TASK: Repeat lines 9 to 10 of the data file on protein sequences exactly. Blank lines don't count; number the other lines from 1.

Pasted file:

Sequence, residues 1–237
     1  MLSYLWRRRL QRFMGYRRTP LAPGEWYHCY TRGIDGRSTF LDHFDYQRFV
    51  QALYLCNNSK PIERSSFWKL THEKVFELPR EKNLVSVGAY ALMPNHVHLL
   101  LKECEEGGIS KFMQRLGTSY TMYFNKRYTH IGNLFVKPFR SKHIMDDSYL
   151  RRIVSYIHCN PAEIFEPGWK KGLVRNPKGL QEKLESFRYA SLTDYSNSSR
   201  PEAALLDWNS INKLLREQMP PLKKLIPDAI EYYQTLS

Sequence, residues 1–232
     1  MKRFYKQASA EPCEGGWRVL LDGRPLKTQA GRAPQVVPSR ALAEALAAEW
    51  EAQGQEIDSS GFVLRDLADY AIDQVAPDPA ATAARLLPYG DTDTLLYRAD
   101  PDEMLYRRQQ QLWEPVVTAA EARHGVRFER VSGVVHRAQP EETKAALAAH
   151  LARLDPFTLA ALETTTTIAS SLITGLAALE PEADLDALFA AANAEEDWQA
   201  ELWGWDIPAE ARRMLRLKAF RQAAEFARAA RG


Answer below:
    51  EAQGQEIDSS GFVLRDLADY AIDQVAPDPA ATAARLLPYG DTDTLLYRAD
   101  PDEMLYRRQQ QLWEPVVTAA EARHGVRFER VSGVVHRAQP EETKAALAAH